They must be satisfied that Malone's hamstring issue is going to come around. The injury pretty much wiped out his spring and he looked terrific early in camp before it nagged him again. He's missed the last three practices but said before Thursday's workout that he'll be back in a few days and it's not long-term. A 6-3, 208-pounder with 4.4-second speed in the 40-yard dash, Malone is a fourth-round pick they need to look like he looked last week.
Also sitting out Thursday is the rookie Tate, in concussion protocol after hitting his head on the ground in 1-on-1 drills Wednesday.
"It's definitely more opportunity ... what Brandon just brought to the room. It's a decision that was made and me and John just have to step up and produce," Malone said. "Experience. His craftiness. How to handle yourself as a pro. When I first got here I was told to be by that guy and learn from him ... how to see the game in a different way and just how to approach it as a pro."
But these are the exact guys that have lit up training camp and apparently made LaFell expendable. Reports have said LaFell was looking for his release, something the Bengals weren't looking to do because of his experience and the untried youth and they were looking at him as a potential versatile backup. If they wanted to release him, they would have jettisoned him before paying his off-season workout bonus of $200,000 and a March bonus of $1 million.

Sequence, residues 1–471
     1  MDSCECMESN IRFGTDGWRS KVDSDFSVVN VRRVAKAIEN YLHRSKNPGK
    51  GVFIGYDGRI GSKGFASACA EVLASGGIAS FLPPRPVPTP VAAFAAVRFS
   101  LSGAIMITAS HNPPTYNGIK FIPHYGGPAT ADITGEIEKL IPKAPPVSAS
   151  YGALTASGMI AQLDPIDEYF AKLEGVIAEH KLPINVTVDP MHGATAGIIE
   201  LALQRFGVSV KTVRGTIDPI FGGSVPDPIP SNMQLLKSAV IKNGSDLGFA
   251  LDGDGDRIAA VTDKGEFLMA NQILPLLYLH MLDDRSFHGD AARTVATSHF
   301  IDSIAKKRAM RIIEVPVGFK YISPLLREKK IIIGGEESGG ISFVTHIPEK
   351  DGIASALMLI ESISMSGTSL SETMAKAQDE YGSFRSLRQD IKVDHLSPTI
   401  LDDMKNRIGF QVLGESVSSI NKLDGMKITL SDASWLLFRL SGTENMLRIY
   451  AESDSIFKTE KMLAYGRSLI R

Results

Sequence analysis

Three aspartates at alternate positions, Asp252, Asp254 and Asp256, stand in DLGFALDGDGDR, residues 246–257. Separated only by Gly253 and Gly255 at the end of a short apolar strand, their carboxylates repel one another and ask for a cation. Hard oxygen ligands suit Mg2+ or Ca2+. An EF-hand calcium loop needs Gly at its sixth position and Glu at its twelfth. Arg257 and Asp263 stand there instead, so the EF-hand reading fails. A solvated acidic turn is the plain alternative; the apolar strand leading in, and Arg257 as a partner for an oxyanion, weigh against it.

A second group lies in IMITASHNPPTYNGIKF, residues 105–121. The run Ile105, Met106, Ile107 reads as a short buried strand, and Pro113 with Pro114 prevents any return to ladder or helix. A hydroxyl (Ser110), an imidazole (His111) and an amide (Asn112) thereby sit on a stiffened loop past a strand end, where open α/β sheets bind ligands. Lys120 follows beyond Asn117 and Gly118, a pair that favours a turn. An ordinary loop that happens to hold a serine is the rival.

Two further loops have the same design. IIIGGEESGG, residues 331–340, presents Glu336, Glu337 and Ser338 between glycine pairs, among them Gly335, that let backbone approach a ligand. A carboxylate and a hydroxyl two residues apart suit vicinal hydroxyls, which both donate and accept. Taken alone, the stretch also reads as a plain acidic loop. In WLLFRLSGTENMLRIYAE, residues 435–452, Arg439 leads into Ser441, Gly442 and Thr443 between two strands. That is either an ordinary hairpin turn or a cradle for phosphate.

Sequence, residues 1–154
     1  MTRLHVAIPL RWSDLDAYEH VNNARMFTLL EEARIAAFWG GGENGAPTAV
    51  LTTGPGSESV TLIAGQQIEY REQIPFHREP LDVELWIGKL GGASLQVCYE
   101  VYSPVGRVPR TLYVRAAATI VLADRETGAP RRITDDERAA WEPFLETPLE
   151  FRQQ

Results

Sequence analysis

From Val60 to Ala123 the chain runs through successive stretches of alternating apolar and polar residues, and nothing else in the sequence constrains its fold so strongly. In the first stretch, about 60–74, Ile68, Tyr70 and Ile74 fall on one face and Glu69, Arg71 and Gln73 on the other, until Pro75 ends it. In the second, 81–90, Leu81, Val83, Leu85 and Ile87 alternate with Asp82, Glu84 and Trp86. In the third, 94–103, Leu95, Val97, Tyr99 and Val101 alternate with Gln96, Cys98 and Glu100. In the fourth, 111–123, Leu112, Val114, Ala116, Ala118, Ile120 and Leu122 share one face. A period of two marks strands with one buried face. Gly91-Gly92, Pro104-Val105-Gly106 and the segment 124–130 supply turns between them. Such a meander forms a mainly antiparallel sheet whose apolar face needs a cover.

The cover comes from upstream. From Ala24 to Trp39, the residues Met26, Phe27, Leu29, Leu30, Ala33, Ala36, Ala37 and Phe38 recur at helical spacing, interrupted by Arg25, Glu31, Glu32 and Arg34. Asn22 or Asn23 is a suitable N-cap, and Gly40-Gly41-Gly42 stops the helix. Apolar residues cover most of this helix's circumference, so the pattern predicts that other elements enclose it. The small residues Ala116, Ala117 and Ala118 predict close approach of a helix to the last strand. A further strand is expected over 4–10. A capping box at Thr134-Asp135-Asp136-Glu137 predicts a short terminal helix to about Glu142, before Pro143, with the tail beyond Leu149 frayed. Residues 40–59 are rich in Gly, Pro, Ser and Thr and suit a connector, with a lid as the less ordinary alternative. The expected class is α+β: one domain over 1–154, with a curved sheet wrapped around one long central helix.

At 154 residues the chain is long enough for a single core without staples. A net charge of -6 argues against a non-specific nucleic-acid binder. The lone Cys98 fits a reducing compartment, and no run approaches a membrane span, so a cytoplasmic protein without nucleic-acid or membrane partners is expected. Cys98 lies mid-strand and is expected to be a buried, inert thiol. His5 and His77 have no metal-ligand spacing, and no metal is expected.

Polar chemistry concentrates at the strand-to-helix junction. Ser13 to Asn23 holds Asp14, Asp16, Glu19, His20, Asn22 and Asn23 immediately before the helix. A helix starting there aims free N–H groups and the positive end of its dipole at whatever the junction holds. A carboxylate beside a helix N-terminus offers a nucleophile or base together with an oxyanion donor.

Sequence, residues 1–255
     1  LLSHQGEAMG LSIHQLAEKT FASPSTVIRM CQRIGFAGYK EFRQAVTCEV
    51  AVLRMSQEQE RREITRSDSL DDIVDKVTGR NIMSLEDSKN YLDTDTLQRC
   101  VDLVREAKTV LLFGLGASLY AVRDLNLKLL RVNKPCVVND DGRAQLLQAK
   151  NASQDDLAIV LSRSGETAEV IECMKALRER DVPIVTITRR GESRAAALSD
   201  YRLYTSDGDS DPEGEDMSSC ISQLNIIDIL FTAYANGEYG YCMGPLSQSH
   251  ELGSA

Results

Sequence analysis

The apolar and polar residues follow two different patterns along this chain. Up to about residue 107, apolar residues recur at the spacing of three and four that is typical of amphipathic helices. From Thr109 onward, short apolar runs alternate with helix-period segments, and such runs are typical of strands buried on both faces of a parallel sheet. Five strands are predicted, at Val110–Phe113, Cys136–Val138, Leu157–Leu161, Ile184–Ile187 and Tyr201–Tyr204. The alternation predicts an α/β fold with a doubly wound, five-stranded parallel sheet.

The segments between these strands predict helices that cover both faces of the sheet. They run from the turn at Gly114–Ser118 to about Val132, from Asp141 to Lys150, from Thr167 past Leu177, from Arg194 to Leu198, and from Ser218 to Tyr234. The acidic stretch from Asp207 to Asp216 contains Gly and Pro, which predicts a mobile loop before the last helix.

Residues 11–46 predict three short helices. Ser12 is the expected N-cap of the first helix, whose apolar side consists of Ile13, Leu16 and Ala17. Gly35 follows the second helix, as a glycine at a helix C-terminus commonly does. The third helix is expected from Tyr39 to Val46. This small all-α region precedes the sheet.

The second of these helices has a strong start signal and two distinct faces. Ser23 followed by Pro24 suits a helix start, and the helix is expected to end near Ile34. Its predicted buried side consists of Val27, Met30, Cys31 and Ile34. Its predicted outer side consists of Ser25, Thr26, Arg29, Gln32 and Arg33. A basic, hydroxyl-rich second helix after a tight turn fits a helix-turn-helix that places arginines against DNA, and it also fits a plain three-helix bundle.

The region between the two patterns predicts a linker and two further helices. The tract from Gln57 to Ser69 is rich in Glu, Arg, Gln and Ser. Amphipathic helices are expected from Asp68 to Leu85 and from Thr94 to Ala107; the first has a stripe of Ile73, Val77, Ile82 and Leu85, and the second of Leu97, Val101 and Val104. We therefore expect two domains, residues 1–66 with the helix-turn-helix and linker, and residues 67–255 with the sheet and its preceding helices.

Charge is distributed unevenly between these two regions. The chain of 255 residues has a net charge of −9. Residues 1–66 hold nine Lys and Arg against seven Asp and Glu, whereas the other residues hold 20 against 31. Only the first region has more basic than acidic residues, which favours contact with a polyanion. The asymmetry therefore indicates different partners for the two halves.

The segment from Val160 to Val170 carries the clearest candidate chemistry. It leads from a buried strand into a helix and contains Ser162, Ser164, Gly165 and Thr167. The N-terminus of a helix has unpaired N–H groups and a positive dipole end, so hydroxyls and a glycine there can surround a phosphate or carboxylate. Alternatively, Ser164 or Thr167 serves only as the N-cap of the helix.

According to various reports, it sounds like LaFell wasn't content with being merely depth behind players that haven't done what he's done. Whatever it is, he leaves with a lot of respect in the receiver room.
"Brandon was a guy who was great for our room - a veteran who knows how to be a pro, knows every position, could have plugged him in anywhere so losing him hurts, but it's a business," Green said. "There are a lot of young guys here that are ready to play, but it sucks, me and Brandon became real close this last year. He was one of my friends off the field. It's tough, but it's a business and he knows the business side of it."
LaFell's professionalism and savvy has been a constant for guys like Malone, Boyd and Ross and the obvious question is where does that leadership come from now? Green's not the reticent kid of 2012 and while he won't undergo a massive personality change, he's also got a lot more skins on the wall than he did six years ago.